The US plays Germany in the World Cup 2014. Might the US survive the group of death? Might Germany dash the hopes of the shocking US squad?
For American fans, this has been a crazy ride of a world cup. Beating rivals Ghana? Victory against Portugal snatched away at the final minute? Global soccer ascendancy?
For German fans, this world cup has been shaping up like a disappointment worthy of the 2002 finals. Tying Ghana? Whomping Portugal wasn't so bad.
Patriotism, loyalty, friendship, sportsmanship and strategy are all hot topics leading up to the much-anticipated U.S.-Germany Group G finale on Thursday in Recife.
Both the U.S. and Germany have four points after two matches, and each have a strong chance to advance to the World Cup 2014 knockout stage. According to fivethirtyeight.com, Germany has a 99.7 percent chance of advancing, while the U.S. has a 75.8 percent chance. Meanwhile, Ghana has just 9.1 percent chance of advancing, while Portugal is at 5.4 percent.
The situation for the U.S. and Germany is particularly interesting because there are questions surrounding how both nations should play the final group match. Should the U.S. win, they will finish on top of the group and face the runner-up of Group H, which would be considerably weaker than the expected Group H winner, Belgium. By going for a win, as opposed to playing cautiously for a draw, the U.S. defense would be exposed to counterattack goals, and therefore put their Round-of-16 hopes in jeopardy. A lopsided loss could mean elimination for either nation.
While the multiple scenarios are intriguing, perhaps the most fascinating storyline entering the U.S. – Germany match is the numerous connections between the two nations.
The most notable revolve around U.S. head coach Jurgen Klinsmann, who was born near Stuttgart and played for and previously coached the German team. He will face his protégé, Joachim Low, who has coached Germany since replacing Klinsmann in 2006.
It is also common for coaches to cross borders in international competition, in both basketball and soccer. Donnie Nelson, son of famed NBA coach Don Nelson, was born in Iowa, but has coached basketball on the international level for Lithuania, and served as the chief advisor for China’s national team.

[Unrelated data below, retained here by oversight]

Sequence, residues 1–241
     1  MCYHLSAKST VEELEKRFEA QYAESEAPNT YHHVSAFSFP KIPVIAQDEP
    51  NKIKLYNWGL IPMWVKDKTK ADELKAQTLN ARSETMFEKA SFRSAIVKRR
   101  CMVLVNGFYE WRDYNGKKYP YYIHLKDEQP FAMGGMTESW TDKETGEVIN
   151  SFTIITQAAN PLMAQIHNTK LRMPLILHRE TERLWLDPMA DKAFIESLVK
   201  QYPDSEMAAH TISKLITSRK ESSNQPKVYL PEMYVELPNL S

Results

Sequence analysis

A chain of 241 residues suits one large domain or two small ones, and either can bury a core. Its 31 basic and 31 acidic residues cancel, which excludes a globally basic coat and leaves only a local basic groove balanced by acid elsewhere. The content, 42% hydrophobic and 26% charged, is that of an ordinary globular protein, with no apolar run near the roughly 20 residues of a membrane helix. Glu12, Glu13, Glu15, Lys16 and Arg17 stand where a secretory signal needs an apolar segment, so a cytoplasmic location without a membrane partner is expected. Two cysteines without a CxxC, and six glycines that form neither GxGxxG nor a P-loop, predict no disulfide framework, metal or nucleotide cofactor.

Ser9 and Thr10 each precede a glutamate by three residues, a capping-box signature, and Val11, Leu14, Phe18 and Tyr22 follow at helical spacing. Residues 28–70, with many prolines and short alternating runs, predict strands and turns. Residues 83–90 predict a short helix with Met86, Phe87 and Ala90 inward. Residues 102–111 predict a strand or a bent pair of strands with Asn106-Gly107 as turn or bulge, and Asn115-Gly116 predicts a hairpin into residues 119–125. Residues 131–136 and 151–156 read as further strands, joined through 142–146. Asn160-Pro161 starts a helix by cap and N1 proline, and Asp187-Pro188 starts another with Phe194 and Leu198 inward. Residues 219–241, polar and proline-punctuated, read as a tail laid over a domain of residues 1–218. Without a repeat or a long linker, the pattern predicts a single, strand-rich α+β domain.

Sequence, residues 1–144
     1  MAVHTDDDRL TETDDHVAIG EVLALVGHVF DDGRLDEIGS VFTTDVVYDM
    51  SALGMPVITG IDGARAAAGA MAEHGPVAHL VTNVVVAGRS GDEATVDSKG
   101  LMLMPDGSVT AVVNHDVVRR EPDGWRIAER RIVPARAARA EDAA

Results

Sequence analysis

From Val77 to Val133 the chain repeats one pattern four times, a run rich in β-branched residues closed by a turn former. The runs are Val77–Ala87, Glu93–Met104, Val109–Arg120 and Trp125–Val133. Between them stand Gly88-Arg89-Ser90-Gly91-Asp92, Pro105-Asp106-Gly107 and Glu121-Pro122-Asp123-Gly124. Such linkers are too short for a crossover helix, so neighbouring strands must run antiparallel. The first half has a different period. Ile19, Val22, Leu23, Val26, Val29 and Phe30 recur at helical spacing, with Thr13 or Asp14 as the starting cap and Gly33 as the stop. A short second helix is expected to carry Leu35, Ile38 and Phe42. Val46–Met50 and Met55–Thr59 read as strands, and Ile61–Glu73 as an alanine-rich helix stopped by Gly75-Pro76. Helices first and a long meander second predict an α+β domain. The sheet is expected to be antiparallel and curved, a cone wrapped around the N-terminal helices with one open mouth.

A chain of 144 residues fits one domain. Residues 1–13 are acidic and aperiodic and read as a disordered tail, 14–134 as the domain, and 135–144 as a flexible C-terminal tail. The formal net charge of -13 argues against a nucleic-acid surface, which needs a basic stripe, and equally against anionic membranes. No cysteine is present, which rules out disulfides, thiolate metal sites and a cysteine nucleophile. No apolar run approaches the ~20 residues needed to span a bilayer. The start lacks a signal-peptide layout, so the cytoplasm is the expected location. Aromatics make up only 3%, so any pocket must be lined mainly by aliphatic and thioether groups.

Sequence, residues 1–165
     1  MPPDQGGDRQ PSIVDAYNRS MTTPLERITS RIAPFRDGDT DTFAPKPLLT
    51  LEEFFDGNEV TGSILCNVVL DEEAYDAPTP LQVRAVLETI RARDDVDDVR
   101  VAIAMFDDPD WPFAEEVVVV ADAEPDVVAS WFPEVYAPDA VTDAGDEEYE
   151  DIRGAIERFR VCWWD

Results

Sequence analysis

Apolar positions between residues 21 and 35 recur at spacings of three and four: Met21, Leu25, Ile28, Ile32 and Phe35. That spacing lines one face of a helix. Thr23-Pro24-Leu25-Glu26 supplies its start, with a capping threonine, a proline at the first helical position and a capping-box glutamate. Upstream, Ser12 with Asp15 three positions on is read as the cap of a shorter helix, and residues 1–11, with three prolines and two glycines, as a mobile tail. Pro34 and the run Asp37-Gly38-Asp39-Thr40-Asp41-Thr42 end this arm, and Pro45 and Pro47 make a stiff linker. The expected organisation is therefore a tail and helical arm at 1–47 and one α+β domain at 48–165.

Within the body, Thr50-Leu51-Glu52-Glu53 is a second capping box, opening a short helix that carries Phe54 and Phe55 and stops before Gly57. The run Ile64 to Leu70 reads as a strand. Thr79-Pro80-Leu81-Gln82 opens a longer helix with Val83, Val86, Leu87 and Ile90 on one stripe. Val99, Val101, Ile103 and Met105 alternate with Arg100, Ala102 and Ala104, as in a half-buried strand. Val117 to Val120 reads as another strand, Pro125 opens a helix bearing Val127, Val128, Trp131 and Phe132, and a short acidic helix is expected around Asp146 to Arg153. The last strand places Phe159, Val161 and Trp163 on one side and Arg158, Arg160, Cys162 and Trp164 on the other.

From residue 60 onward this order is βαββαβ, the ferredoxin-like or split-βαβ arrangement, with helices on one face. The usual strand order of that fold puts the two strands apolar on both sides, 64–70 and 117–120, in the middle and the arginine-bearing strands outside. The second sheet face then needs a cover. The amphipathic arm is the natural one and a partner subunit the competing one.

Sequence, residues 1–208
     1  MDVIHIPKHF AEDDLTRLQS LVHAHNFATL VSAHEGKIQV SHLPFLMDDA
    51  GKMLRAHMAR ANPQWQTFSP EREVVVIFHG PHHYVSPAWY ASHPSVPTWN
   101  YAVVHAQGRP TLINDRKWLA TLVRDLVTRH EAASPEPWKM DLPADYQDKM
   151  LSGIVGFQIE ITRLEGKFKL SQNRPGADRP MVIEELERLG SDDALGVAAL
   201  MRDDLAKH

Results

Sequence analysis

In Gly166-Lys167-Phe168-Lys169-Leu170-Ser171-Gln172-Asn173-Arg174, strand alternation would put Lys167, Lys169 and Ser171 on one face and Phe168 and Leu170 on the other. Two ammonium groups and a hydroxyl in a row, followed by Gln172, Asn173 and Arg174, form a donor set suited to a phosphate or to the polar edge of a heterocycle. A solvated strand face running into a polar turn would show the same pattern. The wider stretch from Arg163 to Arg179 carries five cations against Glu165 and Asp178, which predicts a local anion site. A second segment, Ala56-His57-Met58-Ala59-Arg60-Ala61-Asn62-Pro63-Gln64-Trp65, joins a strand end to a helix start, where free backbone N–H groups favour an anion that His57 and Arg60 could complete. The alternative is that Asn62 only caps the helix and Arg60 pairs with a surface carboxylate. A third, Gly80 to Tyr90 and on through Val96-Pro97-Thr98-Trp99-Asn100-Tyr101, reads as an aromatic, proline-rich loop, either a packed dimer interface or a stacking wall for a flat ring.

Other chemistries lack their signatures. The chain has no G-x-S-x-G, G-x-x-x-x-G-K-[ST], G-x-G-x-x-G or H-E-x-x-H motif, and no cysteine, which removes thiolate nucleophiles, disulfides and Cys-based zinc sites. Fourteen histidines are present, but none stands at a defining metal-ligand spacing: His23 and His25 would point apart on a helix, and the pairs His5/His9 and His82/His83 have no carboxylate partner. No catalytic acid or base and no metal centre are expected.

Former U.S. soccer coach Bob Bradley, who is the father of current player Michael Bradley, was the national coach for Egypt. In 1994, the U.S. was coached by Bora Milutinovic, who has coached a whopping nine nations.
At times, a head coach facing his former protégé can be a contentious issue. That goes for not only soccer, but all sports.
Klinsmann was quick to dispel such talk.
“There is no time for friendship calls,” Klinsmann said. “This is all about business now. There will be no such call.”
The way the U.S. and Germany prepare for the match will almost certainly have to do with the way Klinsmann and Low know each other. Both coaches are aptly aware of the other’s strengths and weaknesses. They also have strong knowledge of their opponent’s roster.
The Germany-U.S. connection also goes deeper than coaches and current players. Multiple American-born players have played in the Bundesliga over the years. Steve Cherundolo, one of the most accomplished U.S. players ever, spent so much time with one Bundesliga team that he was nicknamed “Mayor of Hannover.” Cherundolo, 35, received some consideration to play in his third World Cup before announcing his retirement in March.
During the years when the U.S. struggled to qualify for the World Cup, there was an emphasis on the U.S. to utilize the style and strategy of Germany, a country with three World Cup titles on their resume. In 2002, the U.S. nearly reached the semifinals in a tight matchup which Germany won, 1-0. The last time the two nations met was in a friendly in Washington, D.C., which ended in a U.S. victory, 4-3. At one point, the Yanks held a 4-1 lead.
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